Although pain is a known problem for children and adolescents with the disease, not much is understood about pain in adults with CP.
Cornelia Putz, MD
A recent study found that pain and anxiety are relevant comorbidities in adult patients with cerebral palsy (CP), particularly after orthopedic multilevel surgery. Pain occurrence in adults with CP is higher than in children with the condition, and the occurrence further correlates with the Oswestry Disability Index (ODI), investigators concluded.1
A total of 24 adults with CP were included in the monocentric prospective study, with a mean age of 38.0 years (SD, 7.1). Long-term data were collected from ambulant patients at levels 1-3 in the Gross Motor Function Classification System (GMFCS), all of whom had undergone orthopedic multilevel surgery during adulthood. These patients also had preoperative and postoperative 3-dimensional gait analysis, which included Gait Profile Score (GPS).
Persistent pain was reported by 16 patients (67.6%), and 10 patients (41.7%) reported that they had pain for more than 6 months. Both pain and anxiety were experienced by 13 patients (54%), but there was no correlation of the GPS with pain, Gross Motor Function Classification System, and ODI. Comparably, the ODIwas positively correlated with the GMSCS (r = 0.39; P = .05) and pain (r = 0.57; P = .004).
“It is important to identify possible risk factors resulting in gait deterioration, pain, and emotional distress, including anxiety,” corresponding author Cornelia Putz, MD, medical division manager, Department of Technical Orthopedics, senior physician, Child Orthopedics, Neuro-Orthopaedics and Foot Surgery Section, Heidelberg University Hospital, in Heidelberg, Germany, et al wrote. “Multimodal pain therapy concepts should be established in rehabilitation programs to prevent chronic pain and to help CP patients cope with physical and emotional distress. Patients need to be informed during the incidence of pain and anxiety in adulthood during transition.”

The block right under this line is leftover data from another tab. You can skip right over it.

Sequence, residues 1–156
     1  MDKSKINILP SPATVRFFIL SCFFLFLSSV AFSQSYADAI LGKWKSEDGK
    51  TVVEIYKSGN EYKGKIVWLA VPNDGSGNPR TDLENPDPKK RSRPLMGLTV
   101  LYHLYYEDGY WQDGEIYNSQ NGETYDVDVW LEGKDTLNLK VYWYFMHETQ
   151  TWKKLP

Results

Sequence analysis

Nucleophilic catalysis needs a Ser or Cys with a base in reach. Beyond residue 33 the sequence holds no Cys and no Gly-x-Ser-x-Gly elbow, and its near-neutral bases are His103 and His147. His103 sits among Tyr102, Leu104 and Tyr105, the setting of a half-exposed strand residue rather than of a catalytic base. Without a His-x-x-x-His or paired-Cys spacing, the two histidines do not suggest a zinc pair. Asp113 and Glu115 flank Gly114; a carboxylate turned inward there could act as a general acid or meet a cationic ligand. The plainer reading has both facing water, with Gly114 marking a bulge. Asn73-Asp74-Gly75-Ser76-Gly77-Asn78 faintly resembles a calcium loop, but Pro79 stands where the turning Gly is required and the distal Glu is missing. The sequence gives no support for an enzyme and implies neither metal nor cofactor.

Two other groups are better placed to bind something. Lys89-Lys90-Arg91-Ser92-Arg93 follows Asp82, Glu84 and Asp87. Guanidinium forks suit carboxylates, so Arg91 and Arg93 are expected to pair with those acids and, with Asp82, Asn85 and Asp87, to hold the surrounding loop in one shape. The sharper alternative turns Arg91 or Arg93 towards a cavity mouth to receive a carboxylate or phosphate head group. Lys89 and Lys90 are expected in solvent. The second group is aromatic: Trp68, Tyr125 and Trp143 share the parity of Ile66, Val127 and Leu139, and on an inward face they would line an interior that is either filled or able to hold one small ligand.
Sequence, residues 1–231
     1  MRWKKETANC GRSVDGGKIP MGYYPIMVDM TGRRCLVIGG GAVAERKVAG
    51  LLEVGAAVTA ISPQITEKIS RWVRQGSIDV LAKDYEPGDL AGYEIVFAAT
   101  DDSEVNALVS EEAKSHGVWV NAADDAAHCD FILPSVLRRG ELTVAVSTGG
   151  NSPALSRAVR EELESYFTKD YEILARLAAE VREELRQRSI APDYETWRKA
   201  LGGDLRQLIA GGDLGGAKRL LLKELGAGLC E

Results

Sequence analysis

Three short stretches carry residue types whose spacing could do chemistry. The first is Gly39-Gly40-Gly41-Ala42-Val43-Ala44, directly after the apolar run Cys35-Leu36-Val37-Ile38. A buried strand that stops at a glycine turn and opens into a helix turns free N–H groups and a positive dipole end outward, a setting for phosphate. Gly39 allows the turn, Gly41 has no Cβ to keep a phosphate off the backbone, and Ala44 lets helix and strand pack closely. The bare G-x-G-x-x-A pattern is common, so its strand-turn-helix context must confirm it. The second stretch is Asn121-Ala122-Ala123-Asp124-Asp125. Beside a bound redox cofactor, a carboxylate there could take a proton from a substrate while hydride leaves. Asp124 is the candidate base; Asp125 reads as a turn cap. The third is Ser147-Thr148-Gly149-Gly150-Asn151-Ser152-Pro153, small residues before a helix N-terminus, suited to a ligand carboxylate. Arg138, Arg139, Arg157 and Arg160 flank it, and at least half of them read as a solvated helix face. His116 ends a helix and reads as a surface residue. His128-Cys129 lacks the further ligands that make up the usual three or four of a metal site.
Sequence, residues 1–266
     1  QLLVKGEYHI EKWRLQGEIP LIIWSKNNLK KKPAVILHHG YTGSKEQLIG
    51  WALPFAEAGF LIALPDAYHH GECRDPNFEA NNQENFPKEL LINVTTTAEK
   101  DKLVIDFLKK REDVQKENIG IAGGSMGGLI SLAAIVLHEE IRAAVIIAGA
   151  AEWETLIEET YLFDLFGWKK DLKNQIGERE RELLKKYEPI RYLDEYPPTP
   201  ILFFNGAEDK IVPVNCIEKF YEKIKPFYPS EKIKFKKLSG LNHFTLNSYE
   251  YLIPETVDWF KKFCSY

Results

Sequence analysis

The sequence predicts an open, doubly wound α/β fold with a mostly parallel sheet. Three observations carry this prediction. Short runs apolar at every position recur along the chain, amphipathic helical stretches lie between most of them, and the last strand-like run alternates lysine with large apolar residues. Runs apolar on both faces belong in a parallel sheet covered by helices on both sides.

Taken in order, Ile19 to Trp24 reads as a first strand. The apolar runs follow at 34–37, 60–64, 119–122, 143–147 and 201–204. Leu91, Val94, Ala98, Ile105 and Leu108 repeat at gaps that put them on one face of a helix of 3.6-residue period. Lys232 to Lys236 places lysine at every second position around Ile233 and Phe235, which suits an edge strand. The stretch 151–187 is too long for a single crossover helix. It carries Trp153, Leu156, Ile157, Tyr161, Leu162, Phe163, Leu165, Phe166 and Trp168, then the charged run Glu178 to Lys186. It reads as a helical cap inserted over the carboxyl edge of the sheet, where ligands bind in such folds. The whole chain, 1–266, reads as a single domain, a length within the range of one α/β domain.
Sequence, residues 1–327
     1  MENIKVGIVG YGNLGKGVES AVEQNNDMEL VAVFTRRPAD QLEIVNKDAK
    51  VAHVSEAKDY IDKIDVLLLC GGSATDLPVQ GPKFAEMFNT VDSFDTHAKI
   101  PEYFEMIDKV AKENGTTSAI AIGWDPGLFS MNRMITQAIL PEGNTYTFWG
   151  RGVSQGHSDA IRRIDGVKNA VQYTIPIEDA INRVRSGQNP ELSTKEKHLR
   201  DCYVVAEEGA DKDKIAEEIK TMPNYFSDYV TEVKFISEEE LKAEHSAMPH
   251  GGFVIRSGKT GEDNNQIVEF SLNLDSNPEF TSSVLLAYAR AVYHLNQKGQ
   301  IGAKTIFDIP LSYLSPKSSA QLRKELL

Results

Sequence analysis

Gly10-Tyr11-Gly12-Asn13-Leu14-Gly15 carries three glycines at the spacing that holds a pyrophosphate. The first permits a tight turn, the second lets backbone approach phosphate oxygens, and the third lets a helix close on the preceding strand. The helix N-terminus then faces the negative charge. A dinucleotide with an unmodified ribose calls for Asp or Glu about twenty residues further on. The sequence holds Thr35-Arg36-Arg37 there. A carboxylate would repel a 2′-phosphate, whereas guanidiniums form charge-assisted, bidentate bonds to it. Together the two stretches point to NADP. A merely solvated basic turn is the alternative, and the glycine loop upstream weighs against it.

Patients were administered a questionnaire, which included the Visual Analog Scale (VAS), ODS, and the European Quality of Life 5 Dimensions 3 Level. Mean total preoperative GPS improved from 15.6 (SD, 3.5) to 11.6 (SD, 2.9) postoperatively, and there was a mean difference of 4.07 (SD, 3.5). Mean VAS score was 3.25 (SD, 3.2), with 4 patients (16.4%) occasionally taking analgesics for pain, including ibuprofen (n = 3) and ibuprofen DL-lysin (n = 1).
Lower limb, namely the foot and knee, was the most common location of pain, reported by 6 patients (23%). Investigators concluded the subjective main cause of pain was the basic disease in 6 patients (25%), and physical or emotional distress in 7 patients (29.2%). Fifteen patients (62%) had issues with mobility, 11 (45.8%) with self-care, 14 (58.3%) with usual activities, and 14 had anxiety/depression. The mean ODI result was 25.6%, which was found to correspond to a moderate disability (21%-40%). There were 14 men (58.3%) and 10 women (41.7%) in the study, with no correlation observed between pain in relation to sex with social status (P = .22) and professional status (P = .043).
The study was limited by the complexity of individual surgical procedures for patients within the cohort, causing Putz et al to note that findings “should be interpreted within the content of the study group.” Additionally, there was no representative control group consisting of patients who did not undergo surgery, and there was a smaller sample size with potential overrepresentation of GMFCS 2.